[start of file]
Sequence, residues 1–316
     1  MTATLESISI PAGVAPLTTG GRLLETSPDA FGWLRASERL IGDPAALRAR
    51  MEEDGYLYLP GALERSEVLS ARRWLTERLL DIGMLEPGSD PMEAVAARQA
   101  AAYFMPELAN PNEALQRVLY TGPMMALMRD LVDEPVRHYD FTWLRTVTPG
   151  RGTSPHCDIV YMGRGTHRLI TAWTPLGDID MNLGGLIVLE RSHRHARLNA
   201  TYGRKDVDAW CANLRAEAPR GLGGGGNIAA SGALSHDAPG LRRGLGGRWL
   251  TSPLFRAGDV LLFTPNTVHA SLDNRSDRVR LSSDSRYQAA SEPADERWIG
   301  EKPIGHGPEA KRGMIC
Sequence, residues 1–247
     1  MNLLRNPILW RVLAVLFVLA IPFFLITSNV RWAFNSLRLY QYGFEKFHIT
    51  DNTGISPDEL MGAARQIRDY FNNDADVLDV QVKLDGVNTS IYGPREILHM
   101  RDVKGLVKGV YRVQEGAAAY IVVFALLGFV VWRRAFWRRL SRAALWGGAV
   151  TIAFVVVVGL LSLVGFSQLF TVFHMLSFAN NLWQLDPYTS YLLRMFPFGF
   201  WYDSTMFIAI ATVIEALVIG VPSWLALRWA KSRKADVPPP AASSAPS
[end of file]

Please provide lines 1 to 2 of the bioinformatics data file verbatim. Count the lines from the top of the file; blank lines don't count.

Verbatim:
Sequence, residues 1–316
     1  MTATLESISI PAGVAPLTTG GRLLETSPDA FGWLRASERL IGDPAALRAR